Second oldest church in Germany uncovered
Published: 27 Feb 2014 16:32 GMT+01:00
Updated: 27 Feb 2014 16:32 GMT+01:00
- Amateur treasure hunter finds Roman gold hoard (19 Feb 14)
- Mummy found in attic could be 2,000 years old (05 Sep 13)
- Badger digs up medieval warrior graves (13 Aug 13)
In the so-called "Old Cathedral" in Mainz, which is today the evangelical Church of St John, archaeologists found the remains of another church built 1,200 years ago in the time of Charlemagne, Deacon Andreas Klodt said on Tuesday.
Only Trier on the Mosel River has an older church, with its cathedral dating back to Roman times, making the find the second oldest church in the country.
Professor Matthias Untermann from the Institute of Art History in Heidelberg said the remains of the Carolingian walls stretched from the basement to the roof.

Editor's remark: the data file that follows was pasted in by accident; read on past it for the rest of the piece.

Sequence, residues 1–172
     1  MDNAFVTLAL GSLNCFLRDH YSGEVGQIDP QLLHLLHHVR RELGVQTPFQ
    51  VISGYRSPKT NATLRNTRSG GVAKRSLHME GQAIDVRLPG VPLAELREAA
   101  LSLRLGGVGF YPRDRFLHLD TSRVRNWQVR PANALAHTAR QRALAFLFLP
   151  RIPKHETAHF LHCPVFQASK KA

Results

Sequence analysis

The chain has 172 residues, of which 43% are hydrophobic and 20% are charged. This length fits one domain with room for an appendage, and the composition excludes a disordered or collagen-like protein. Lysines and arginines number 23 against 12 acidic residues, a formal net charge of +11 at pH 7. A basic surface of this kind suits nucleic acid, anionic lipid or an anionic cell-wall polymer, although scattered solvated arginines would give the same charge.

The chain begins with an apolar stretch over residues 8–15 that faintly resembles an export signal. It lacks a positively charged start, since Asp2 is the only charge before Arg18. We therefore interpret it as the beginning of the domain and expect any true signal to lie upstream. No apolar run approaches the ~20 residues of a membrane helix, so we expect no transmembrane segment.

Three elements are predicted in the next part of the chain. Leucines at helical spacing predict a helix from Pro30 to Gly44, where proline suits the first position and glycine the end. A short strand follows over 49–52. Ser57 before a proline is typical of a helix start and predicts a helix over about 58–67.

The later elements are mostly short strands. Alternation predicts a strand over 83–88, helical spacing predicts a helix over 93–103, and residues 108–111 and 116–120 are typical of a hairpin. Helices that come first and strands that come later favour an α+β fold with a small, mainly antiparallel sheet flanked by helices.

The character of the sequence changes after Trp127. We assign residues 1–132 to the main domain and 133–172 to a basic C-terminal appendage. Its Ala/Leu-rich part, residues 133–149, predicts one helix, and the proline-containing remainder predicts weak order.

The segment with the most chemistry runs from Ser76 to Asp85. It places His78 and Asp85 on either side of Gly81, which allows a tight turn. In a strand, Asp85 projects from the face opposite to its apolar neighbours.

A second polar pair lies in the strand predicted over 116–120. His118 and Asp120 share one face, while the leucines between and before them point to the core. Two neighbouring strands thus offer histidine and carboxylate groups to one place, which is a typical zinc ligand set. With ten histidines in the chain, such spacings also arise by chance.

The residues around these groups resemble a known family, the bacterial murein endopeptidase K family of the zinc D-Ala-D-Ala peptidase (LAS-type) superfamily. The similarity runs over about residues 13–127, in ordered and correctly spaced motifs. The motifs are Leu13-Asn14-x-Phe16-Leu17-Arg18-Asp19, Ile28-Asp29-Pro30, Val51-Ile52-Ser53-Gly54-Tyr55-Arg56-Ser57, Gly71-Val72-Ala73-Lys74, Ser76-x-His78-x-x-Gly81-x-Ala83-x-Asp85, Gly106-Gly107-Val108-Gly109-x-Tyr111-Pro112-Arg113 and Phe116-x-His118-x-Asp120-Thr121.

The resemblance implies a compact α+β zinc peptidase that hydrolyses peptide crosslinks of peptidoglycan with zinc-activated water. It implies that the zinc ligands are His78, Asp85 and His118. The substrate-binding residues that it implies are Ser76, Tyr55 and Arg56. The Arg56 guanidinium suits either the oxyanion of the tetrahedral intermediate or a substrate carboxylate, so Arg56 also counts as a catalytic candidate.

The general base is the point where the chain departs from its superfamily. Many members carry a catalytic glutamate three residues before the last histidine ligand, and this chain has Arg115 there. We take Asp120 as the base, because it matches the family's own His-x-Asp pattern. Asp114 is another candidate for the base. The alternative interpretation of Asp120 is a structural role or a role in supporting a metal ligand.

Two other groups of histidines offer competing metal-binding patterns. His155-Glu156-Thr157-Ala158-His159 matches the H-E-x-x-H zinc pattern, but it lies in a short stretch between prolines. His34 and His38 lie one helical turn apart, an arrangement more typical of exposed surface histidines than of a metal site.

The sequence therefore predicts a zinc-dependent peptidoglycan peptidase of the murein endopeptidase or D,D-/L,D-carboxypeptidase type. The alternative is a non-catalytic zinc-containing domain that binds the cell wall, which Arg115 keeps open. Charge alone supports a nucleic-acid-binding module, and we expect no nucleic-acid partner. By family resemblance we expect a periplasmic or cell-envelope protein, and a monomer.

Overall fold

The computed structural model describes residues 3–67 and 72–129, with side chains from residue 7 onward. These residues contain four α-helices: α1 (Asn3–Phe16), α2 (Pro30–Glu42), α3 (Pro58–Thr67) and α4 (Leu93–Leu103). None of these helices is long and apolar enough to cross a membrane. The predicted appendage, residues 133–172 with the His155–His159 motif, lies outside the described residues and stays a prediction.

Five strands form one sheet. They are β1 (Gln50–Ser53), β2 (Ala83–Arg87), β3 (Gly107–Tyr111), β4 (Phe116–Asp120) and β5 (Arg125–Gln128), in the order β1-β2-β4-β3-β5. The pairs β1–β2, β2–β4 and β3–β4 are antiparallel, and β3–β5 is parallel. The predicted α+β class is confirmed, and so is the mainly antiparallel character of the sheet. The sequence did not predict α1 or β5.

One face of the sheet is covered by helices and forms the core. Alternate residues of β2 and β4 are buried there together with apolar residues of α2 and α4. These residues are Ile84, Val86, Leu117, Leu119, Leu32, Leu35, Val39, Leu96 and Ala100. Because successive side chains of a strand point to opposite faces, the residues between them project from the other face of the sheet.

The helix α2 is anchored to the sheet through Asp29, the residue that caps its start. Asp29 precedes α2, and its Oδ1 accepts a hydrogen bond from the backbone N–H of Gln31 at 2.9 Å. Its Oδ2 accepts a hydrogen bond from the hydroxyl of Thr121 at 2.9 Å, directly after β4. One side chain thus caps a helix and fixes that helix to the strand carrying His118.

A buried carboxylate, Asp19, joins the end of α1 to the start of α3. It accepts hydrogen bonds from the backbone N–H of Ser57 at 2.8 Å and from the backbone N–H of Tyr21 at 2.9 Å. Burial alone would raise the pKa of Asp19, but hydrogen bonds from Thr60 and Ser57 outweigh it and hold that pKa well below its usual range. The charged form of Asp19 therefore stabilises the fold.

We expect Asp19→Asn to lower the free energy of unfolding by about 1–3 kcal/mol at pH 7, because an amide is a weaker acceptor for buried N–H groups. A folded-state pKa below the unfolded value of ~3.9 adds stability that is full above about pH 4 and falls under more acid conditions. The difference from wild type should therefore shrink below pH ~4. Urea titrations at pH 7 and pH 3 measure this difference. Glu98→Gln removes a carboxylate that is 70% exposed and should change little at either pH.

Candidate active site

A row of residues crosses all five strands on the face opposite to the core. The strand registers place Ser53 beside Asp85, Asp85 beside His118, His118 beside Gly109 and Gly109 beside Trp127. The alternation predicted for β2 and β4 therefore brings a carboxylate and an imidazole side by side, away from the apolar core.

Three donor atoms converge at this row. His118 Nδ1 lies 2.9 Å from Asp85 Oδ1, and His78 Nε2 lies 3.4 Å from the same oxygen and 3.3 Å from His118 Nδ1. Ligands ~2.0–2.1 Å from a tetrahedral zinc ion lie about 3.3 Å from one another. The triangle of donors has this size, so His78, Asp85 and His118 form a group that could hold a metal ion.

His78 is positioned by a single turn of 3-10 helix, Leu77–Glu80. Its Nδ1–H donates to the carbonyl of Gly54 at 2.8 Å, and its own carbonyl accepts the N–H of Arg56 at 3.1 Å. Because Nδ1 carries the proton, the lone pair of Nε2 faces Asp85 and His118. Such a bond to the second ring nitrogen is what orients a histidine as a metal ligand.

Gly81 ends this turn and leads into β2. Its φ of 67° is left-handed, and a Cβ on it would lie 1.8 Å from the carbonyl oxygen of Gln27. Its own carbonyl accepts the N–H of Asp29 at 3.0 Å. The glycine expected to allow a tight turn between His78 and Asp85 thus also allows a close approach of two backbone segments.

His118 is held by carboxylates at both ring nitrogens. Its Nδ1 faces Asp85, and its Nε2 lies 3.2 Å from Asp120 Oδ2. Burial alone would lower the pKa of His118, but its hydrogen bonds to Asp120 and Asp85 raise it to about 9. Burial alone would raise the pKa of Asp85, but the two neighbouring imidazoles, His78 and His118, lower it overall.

“This is a big surprise,” he said.
The Rhineland-Palatinate state curator Joachim Glatz said: "This is the only surviving Carolingian cathedral in Germany."
Usually a bishop would build a cathedral in the Middle Ages at the exact location of the previous building, getting rid of the older church.
But in Mainz the 1,000-year-old "Old Cathedral" was incorporated into the Carolingian one.
Archaeologist Ronald Knöchlein said Mainz had a Christian community in Roman times.
And according to Knöchlein two human skeletons have been found during the excavations - remains of earlier burials in the church.
The building has been used since the 19th Century as a church by the evangelical community.
During World War II, it was largely destroyed by fire after a bomb attack. Demolition was considered but was rejected. The dig is continuing.
SEE ALSO: Badger digs up medieval warrior graves